Atrial flutter is a condition in which the atrium beats 250 to 350 times per minute. This causes rapid, regular or irregular heart rhythms similar to atrial fibrillation. Atrial flutter is different from atrial fibrillation because the electrical activity of the atrium is not disorganized; it is just very fast. One can actually see rapid "flutter waves" on the ECG that resemble a sawtooth pattern. Atrial flutter occurs when an abnormal electrical signal gets stuck rapidly circulating around the atrial muscle tissue. Most cases of atrial flutter occur in patients with underlying heart disease, but "lone" atrial flutter can also occur. The treatment of atrial flutter is similar to atrial fibrillation with medications first to slow AV conduction and control the ventricular rate, followed by medications to convert the flutter back to a normal sinus rhythm and prevent its recurrence. Electrical cardioversion is usually required, however, to restore a normal rhythm, after which anti-arrhythmic drugs can be used to maintain a normal sinus rhythm. Atrial flutter is not as common as atrial fibrillation, but fortunately we have learned a tremendous amount about it. Most atrial flutter is curable with Catheter Ablation, a highly successful means of permanently eliminating the flutter circuit. Catheter ablation in involves passing a small wire up from the vein at the top of the leg. The flutter circuit is "mapped" to determine where it is located, and then the wire is used to destroy a small portion of the circuit to prevent recurrence. Comparative studies have shown that the success rate of catheter ablation is much better than medical therapy for atrial flutter, and ablation is now considered the best treatment for this arrhythmia.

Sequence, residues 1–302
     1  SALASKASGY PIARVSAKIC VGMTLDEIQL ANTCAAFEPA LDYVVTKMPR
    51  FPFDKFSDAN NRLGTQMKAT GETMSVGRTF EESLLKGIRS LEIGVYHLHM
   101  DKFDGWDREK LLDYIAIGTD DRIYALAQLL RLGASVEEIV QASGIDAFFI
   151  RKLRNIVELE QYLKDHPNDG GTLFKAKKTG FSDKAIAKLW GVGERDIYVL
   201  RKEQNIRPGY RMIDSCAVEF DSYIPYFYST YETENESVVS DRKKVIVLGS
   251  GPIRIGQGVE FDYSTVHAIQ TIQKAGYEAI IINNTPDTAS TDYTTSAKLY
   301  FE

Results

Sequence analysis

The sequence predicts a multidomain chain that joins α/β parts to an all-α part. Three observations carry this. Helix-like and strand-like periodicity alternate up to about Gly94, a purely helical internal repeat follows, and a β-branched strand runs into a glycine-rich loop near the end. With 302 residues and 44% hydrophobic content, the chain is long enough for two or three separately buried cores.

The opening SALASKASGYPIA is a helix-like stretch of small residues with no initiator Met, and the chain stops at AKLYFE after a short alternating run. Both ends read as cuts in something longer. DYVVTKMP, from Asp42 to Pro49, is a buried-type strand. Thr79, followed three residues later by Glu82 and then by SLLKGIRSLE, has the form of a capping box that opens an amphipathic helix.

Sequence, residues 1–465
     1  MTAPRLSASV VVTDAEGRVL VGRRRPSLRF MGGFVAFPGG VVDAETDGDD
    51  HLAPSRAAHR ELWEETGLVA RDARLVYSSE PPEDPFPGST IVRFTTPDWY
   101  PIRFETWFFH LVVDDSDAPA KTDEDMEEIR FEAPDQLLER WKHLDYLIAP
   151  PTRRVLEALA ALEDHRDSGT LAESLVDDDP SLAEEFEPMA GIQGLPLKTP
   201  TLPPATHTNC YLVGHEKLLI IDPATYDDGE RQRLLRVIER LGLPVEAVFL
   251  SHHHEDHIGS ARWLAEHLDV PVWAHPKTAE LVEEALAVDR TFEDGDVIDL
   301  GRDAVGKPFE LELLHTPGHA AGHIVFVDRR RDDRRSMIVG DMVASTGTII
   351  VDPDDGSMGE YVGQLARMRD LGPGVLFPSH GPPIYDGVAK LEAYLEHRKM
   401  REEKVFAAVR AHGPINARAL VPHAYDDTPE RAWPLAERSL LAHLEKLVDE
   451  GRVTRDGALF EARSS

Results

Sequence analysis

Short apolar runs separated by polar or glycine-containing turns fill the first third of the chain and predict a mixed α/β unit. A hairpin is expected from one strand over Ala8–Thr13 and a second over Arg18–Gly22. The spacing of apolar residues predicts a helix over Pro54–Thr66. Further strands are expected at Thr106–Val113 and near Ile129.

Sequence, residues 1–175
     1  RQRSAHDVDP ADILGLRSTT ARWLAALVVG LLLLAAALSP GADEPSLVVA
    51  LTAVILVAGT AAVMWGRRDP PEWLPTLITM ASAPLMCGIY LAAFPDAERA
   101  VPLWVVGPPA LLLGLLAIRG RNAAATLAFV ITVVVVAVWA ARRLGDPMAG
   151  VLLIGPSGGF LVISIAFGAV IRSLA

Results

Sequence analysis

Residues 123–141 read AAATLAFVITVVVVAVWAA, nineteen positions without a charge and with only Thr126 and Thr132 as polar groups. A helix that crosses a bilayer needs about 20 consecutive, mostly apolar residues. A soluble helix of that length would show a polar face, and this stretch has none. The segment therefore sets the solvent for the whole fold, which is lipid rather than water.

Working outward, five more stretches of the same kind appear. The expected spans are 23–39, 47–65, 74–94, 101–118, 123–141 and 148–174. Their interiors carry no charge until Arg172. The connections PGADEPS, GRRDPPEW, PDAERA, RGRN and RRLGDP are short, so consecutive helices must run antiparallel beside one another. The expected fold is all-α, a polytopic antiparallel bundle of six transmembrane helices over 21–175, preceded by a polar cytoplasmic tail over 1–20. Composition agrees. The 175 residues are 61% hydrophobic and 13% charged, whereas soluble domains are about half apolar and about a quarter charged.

Patients who have atrial flutter may be at increased risk of developing a blood clot in the atrial chambers, similar to patients with atrial fibrillation. This can lead to a stroke. Strokes due to atrial flutter and fibrillation are very serious, and most people who have atrial flutter must take some kind of blood thinner to decrease the risk of clots formation within the atria, unless the flutter can be permanently eliminated with catheter ablation.